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ABSTRACT: Abstract Pteridium aquilinum (bracken fern), one of the most important toxic plants in the world, contains the toxic norsequiterpene ptaquiloside that induces cancers in humans and farm animals. Previous studies in the laboratory demonstrated immunotoxic effects produced by ptaquiloside, which are characterized by suppression of natural killer (NK) cell activity (i.e. cytotoxicity and interferon [IFN]-γ production). However, it is unknown whether these immunosuppressive effects could contribute to carcinogenesis in situ in general because of the important function of NK cells in innate killing of tumor cells. This study assessed the impact of P. aquilinum-induced immunosuppression on urethane-induced lung cancer in C57BL/6 mice. Adult mice were treated with an extract of P. aquilinum (30 g/kg/day) by gavage once daily for 14 days, followed by gavage (5 days/week) during an 11-week period that was accompanied by treatment with urethane (1 g/kg) via once-weekly intraperitoneal injection; 20 weeks after the end of the treatment period, all lungs were evaluated. The results indicated there was a significant increase in lung nodule number as well as in multiplicity of lesions in mice treated with both P. aquilinum and urethane (PU group) compared to values in mice treated only with the urethane (U group). In addition, histologic evaluation revealed a 76% increase in the rate of lung adenomas and a 41% increase in rate of bronchiolization of alveoli in the mice from the PU group compared to levels seen in mice within the U group. Taken together, the results here show for the first time that immunosuppressive effects of P. aquilinum could increase the risk of cancer formation in exposed hosts.Journal of Immunotoxicology 02/2014; 12(1). DOI:10.3109/1547691X.2014.885619 · 1.91 Impact Factor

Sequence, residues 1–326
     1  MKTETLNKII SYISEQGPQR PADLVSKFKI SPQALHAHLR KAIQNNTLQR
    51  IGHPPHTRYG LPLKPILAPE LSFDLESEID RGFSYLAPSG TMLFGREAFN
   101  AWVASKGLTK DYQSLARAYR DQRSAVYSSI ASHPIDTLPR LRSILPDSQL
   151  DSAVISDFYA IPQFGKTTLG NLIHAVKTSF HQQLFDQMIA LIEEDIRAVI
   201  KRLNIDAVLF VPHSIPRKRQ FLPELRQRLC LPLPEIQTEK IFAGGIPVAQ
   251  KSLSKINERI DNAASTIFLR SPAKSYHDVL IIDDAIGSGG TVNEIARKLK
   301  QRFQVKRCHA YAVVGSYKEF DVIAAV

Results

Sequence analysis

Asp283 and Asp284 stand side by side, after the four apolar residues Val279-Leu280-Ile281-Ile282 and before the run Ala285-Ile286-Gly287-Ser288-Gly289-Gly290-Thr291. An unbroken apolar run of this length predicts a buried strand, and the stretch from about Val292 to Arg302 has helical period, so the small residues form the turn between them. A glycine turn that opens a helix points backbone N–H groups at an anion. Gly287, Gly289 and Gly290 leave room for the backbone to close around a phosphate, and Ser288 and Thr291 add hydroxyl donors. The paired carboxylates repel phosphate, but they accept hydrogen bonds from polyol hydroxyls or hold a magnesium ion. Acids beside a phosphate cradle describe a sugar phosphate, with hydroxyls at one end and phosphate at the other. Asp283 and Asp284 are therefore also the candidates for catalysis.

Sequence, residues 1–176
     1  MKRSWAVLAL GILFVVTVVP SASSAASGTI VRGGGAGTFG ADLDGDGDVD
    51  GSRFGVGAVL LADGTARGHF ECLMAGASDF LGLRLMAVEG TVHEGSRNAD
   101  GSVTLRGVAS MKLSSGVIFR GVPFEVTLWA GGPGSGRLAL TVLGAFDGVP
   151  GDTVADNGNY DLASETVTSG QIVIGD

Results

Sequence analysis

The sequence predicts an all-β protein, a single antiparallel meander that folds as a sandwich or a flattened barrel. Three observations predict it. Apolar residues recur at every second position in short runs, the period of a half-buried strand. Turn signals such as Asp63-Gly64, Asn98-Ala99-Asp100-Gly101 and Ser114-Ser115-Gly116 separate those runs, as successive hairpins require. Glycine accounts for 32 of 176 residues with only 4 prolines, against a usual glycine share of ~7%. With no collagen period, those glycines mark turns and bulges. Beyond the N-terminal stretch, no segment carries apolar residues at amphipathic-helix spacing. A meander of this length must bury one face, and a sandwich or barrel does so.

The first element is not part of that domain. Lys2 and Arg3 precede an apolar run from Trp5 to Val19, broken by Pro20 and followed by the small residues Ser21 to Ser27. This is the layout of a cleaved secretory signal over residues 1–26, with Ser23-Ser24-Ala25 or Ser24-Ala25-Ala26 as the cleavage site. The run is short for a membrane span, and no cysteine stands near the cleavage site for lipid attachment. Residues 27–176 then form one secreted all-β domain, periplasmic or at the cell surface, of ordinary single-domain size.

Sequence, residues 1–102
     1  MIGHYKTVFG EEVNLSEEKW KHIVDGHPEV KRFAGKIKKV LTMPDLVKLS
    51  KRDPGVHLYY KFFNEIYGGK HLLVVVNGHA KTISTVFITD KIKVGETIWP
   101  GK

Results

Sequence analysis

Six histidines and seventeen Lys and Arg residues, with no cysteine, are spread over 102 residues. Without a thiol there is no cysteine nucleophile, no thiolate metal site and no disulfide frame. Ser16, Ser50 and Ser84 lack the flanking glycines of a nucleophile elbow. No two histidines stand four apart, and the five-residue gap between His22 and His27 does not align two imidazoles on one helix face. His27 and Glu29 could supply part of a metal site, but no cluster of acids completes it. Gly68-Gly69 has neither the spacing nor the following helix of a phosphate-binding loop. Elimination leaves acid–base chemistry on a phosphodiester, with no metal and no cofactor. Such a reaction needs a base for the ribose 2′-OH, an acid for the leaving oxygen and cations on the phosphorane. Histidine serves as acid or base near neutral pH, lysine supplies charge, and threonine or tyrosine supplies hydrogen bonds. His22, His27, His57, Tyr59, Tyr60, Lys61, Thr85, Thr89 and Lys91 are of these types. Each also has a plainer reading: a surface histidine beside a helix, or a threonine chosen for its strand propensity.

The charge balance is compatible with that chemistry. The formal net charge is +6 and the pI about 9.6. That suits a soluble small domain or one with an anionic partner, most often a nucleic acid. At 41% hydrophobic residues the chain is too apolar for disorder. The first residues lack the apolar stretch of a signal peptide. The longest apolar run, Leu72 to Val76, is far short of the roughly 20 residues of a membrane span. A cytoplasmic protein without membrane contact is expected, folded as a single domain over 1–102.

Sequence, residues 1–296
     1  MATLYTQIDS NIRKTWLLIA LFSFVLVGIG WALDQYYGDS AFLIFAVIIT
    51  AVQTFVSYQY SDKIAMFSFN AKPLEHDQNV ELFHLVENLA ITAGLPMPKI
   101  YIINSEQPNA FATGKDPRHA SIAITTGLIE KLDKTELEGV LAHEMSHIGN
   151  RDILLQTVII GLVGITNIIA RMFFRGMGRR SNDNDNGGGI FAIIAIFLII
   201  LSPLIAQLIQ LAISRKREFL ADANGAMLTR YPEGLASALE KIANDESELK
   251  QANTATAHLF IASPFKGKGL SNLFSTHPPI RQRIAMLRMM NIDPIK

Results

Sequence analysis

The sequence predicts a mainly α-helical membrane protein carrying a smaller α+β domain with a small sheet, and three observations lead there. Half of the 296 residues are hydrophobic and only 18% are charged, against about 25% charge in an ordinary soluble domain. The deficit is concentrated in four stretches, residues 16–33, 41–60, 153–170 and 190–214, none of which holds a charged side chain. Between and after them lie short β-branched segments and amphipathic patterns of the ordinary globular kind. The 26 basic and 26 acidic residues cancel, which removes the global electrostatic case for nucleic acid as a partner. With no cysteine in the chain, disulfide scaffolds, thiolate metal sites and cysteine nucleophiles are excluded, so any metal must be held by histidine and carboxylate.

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ABSTRACT: Background The impact of cell-composition effects in analysis of DNA methylation data is now widely appreciated. With the availability of a reference data set consisting of DNA methylation measurements on isolated cell types, it is possible to impute cell proportions and adjust for them, but there is increasing interest in methods that adjust for cell composition effects when reference sets are incomplete or unavailable. Results In this article we present a theoretical basis for one such method, showing that the total effect of a phenotype on DNA methylation can be decomposed into orthogonal components, one representing the effect of phenotype on proportions of major cell types, the other representing either subtle effects in composition or global effects at focused loci, and that it is possible to separate these two types of effects in a finite data set. We demonstrate this principle empirically on nine DNA methylation data sets, showing that the first few principal components generally contain a majority of the information on cell-type present in the data, but that later principal components nevertheless contain information about a small number of loci that may represent more focused associations. We also present a new method for determining the number of linear terms to interpret as cell-mixture effects and demonstrate robustness to the choice of this parameter. Conclusions Taken together, our work demonstrates that reference-free algorithms for cell-mixture adjustment can produce biologically valid results, separating cell-mediated epigenetic effects (i.e. apparent effects arising from differences in cell composition) from those that are not cell mediated, and that in general the interpretation of associations evident from DNA methylation should be carefully considered. Electronic supplementary material The online version of this article (doi:10.1186/s12859-015-0527-y) contains supplementary material, which is available to authorized users.BMC Bioinformatics 03/2015; 16(1). DOI:10.1186/s12859-015-0527-y · 2.67 Impact Factor